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Senate Banking Committee Hears Complaints About Big Banks From MillerCoors

Senate Banking Committee Hears Complaints About Big Banks From MillerCoors

Instead of “David versus Goliath,” the Senate Banking Committee had to sort out a “Goliath versus Goliath” scenario Tuesday, according to Reuters.

Big aluminum buyers, represented by the second largest brewer in the U.S., charged that the largest banks in the country drove up their costs by manipulating commodities – specifically, aluminum.

MillerCoors, consisting of the combined U.S. operations of Molson Coors Brewing (NYSE: TAP) and SABMiller told the committee that Goldman Sachs (NYSE: GS), Morgan Stanley (NYSE: MS) and JPMorgan Chase (NYSE: JPM), by controlling metal warehouses that are part of the London Metal Exchange network, increased their costs as much as $3 billion last year.

The banks, which generated $4 billion in commodity revenues last year, were not present at the hearing, but after it began, Goldman Sachs issued a rebuttal to the charges denying it deliberately created aluminum shortages and inflated prices.

Tim Weiner, global risk manager for MillerCoors, told the U.S. Senate banking committee that JPMorgan and Goldman Sachs, which bought the LME warehouses in 2010, “have created a bottleneck which limits the supply of aluminum.”

The Senate banking committee sees itself charged with, among other things, untangling the escalation of unregulated Wall Street involvement in commodity trading, one result of the scrapping of the Glass-Steagall law that kept corporate and investment banking separate.

Senator Elizabeth Warren of Massachusetts said, "We've created a tangle and it takes time to undo that." Warren added that her "21st century Glass Steagall" bill would help to "disentangle what has become a mess that is both hard to regulate and is creating additional risk."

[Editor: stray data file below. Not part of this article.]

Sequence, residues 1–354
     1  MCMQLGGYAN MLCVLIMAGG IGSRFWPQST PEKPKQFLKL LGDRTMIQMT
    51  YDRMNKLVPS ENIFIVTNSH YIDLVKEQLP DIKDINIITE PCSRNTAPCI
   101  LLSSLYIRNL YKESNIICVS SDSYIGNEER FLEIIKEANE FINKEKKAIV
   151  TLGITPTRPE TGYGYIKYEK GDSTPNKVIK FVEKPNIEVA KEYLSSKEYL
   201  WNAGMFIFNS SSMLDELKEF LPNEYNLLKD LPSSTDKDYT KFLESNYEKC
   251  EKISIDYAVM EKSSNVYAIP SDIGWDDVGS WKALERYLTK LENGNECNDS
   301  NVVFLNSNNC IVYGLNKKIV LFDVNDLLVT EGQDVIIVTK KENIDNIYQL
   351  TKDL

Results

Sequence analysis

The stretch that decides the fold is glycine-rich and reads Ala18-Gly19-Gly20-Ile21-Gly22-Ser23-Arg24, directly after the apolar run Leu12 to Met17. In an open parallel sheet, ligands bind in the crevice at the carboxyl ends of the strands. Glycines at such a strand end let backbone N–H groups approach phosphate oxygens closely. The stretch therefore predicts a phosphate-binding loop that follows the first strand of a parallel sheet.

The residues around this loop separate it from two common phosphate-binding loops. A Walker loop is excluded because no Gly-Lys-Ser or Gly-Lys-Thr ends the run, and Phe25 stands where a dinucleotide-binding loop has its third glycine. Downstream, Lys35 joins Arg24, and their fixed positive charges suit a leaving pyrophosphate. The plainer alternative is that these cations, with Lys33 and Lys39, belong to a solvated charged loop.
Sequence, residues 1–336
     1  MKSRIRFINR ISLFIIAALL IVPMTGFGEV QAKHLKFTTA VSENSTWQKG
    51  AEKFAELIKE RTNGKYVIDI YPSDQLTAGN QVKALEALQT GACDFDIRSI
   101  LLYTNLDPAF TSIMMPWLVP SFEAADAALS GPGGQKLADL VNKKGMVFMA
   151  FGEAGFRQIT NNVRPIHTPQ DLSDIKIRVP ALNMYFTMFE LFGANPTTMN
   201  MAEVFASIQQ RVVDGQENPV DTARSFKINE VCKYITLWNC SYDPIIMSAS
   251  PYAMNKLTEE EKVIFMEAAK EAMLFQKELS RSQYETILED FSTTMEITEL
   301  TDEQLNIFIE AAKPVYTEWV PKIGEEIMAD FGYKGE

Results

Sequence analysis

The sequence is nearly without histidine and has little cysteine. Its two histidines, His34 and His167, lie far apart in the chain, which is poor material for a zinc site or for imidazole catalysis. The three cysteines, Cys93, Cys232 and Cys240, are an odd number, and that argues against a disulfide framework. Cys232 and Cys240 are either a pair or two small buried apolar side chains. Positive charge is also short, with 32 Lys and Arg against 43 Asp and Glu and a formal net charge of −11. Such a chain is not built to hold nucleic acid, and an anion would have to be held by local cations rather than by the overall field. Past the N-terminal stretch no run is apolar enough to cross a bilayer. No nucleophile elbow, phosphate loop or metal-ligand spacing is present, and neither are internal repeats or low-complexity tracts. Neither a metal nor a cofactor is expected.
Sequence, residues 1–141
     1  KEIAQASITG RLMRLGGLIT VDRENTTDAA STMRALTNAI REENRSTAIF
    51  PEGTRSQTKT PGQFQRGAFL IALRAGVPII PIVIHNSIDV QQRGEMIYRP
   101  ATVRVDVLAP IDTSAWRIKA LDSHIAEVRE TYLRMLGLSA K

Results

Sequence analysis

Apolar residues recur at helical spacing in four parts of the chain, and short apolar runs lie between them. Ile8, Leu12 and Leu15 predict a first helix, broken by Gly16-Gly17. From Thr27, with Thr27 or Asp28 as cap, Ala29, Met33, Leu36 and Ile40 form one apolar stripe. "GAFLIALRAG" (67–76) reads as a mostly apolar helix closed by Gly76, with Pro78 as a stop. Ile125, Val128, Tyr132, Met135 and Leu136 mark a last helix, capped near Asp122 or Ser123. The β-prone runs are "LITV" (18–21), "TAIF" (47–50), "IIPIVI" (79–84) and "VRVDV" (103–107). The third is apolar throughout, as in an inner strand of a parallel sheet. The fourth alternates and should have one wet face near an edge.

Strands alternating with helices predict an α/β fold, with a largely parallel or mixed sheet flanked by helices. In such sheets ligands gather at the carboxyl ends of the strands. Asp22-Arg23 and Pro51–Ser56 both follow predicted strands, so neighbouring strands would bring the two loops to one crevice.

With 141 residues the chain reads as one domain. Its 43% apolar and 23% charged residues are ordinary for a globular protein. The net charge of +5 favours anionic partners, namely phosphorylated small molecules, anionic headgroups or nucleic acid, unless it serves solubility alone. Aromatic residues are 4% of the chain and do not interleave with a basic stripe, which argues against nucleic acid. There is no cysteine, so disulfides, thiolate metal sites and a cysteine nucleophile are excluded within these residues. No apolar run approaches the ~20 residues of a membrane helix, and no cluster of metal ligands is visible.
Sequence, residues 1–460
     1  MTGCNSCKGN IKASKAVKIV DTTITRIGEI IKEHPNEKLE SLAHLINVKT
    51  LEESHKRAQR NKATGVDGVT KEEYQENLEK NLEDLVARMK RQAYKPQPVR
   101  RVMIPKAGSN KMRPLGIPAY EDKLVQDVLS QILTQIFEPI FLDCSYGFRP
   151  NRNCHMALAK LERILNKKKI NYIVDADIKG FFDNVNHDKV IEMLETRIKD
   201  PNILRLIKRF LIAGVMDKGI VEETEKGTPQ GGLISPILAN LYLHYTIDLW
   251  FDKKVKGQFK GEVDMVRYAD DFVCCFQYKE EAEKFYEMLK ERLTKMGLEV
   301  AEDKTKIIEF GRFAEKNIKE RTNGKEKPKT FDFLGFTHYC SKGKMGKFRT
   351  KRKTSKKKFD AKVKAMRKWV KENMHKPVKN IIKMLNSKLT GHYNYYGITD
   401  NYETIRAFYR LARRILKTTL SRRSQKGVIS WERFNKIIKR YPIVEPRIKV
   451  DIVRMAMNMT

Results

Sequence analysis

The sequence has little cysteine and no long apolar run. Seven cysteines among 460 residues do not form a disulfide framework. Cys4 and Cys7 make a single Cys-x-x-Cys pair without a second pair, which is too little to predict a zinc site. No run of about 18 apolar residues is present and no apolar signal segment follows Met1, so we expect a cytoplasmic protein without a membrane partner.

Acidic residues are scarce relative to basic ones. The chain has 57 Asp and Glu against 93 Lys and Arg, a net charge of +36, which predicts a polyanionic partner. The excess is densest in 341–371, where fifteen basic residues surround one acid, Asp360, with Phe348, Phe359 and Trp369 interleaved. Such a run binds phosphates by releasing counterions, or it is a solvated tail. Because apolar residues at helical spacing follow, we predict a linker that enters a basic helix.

Related: Sen. Elizabeth Warren (D-MA) Defends 21st Century Glass-Steagall Act

Ohio Senator Sherrod Brown, said that the committee would ask banks and The Federal Reserve to give testimony at another hearing in September.

The question of whether banks should be allowed to invest in infrastructure like tankers and warehouses and, more importantly, own the physical commodities – such as aluminum – is central. Trading of derivatives is not part of the problem.

What are different now are the players. In the past, those who questioned Wall Street banks had little influence or clout. This time the complainants, specifically organizations like MillerCoors, are also powerful.

At the hearing, Weiner pointed to the fact that the practice of piling up aluminum and other metals in storage facilities caused companies like his to have to wait as long as 18 months to take delivery of physical supplies. And, time, as they say, is money.

This hearing was the first to address the oversight of banks in physical commodities since Reuters revealed last year that Goldman Sachs and Morgan Stanley had still not been told by the Fed whether they could own physical assets since becoming bank holding companies in 2008.

At the time of this writing, Jim Probasco had no position in any mentioned securities.


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